IMO – Electronic information exchange mandatory for ports from 8 April 2019

 

(http://www.MaritimeCyprus.com) A mandatory requirement for national governments to introduce electronic information exchange between ships and ports comes into effect from 8 April 2019. The aim is to make cross-border trade simpler and the logistics chain more efficient, for the more than 10 billion tons of goods which are traded by sea annually across the globe.

The requirement, mandatory under IMO’s Convention on Facilitation of International Maritime Traffic (FAL Convention), is part of a package of amendments under the revised Annex to the FAL Convention, adopted in 2016.

“The new FAL Convention requirement for all Public Authorities to establish systems for the electronic exchange of information related to maritime transport marks a significant move in the maritime industry and ports towards a digital maritime world, reducing the administrative burden and increasing the efficiency of maritime trade and transport,” said IMO Secretary-General Kitack Lim.

The Facilitation Convention encourages use of a “single window” for data, to enable all the information required by public authorities in connection with the arrival, stay and departure of ships, persons and cargo, to be submitted via a single portal, without duplication.

The requirement for electronic data exchange comes into effect as IMO’s Facilitation Committee meets for its 43rd session (8-12 April). Alongside other agenda items, the Committee will continue its ongoing work on harmonization and standardization of electronic messages. Phase one of the review of the IMO Compendium on Facilitation and Electronic business, including the data elements of the FAL Convention is expected to be completed and the revised Guidelines for setting up a single window system in maritime transport are set to be approved.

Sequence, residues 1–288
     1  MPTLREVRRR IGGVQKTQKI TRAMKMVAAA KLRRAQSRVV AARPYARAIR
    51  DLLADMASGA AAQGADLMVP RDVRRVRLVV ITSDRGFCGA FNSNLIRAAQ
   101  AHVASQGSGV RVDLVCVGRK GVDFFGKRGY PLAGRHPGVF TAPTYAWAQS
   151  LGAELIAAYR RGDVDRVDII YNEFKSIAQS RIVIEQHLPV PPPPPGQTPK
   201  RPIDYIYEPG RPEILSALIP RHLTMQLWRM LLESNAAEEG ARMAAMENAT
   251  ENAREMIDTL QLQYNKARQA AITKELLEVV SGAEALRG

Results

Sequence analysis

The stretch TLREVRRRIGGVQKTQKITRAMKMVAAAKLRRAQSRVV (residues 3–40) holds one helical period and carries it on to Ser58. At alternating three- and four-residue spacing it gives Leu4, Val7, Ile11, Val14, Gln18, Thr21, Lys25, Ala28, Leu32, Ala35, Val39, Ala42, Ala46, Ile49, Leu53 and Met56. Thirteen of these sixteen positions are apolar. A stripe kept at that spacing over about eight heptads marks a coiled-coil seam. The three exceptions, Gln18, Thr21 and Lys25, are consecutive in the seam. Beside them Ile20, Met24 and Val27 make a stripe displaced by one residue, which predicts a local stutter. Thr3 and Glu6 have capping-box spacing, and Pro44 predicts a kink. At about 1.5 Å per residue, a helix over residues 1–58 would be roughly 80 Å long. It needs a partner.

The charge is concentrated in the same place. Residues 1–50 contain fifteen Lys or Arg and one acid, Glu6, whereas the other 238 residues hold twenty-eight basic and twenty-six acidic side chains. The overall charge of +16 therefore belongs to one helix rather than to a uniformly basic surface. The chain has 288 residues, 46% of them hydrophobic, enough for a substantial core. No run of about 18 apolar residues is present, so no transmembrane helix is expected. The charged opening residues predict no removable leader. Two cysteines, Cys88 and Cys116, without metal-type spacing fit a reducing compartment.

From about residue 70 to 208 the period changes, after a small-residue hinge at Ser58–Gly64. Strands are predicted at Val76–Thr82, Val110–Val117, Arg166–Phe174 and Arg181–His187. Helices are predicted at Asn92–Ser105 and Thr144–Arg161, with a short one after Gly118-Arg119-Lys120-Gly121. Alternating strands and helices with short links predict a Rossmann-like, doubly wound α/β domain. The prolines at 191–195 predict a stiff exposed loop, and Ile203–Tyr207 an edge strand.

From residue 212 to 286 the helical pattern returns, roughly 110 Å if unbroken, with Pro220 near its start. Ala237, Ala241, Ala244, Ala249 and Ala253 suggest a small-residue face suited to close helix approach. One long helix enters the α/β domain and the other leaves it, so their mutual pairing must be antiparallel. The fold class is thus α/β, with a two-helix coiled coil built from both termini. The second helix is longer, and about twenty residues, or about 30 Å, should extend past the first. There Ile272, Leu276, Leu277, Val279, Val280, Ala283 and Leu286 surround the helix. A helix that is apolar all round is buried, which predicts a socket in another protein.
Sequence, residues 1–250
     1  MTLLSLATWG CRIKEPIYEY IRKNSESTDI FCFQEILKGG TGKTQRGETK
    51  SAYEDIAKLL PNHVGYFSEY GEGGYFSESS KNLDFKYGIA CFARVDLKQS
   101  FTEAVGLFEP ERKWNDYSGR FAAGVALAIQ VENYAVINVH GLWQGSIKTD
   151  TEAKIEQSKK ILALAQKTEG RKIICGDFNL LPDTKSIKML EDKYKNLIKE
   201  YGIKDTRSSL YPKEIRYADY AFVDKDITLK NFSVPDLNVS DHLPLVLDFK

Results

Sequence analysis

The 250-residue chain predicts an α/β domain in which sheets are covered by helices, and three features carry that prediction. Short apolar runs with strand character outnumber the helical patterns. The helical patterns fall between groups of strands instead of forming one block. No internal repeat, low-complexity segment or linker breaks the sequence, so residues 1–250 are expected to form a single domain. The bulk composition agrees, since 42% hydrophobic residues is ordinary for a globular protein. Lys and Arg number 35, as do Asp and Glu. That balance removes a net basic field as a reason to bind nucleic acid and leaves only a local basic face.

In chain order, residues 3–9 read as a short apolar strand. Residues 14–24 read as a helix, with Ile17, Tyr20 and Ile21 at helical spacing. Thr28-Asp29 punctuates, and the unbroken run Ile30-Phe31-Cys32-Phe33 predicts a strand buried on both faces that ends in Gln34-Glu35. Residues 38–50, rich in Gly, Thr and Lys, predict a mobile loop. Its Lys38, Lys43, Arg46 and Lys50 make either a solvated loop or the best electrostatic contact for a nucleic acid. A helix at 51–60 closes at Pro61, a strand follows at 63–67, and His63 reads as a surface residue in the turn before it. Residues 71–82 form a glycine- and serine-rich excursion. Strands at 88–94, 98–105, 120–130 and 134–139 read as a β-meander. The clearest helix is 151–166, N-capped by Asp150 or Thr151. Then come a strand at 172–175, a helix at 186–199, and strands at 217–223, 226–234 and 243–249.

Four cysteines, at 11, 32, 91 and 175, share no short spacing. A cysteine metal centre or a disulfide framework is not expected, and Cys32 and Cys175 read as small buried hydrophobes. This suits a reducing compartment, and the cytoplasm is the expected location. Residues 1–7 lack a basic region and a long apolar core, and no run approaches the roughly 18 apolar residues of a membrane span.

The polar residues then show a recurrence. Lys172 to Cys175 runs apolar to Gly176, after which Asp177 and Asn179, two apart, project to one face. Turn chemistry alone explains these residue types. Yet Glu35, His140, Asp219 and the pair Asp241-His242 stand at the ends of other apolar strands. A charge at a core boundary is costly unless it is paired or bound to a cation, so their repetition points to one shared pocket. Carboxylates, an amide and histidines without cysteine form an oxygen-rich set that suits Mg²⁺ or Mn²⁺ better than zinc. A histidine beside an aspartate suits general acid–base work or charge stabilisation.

The Committee will also receive an update on a successful IMO maritime single window project, implemented in Antigua and Barbuda, with Norway’s support. The source code developed for the system established in Antigua and Barbuda will be made available to other interested Member States. A presentation on the system will be made during the Facilitation Committee.

What is FAL?

When a ship comes in to port it may be the end of a voyage but it’s just the beginning of a whole range of administrative tasks that need to be done.

Customs declarations for cargo and ships’ stores; immigration clearance for crew and passengers and their baggage; import and export permits: these are just the tip of the iceberg. And when the ship leaves, it’s the same process all over again.

This is what we call Facilitation of International Maritime Traffic – or FAL for convenience.

Why does it matter?

FAL matters because, if it goes smoothly, shipments move more quickly, more easily and more efficiently. But if it goes badly, delays, inefficiencies and extra costs are inevitable.

Statistics show that countries with more efficient FAL infrastructure have better import and export figures. There’s a clear link between reducing red tape and competitiveness.